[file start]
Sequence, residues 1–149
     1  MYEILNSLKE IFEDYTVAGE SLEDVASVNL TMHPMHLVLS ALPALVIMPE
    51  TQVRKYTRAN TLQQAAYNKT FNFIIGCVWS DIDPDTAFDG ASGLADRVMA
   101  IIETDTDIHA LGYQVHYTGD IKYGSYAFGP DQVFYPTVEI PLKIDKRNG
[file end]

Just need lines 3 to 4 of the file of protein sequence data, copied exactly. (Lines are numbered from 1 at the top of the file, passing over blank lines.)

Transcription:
    51  TQVRKYTRAN TLQQAAYNKT FNFIIGCVWS DIDPDTAFDG ASGLADRVMA
   101  IIETDTDIHA LGYQVHYTGD IKYGSYAFGP DQVFYPTVEI PLKIDKRNG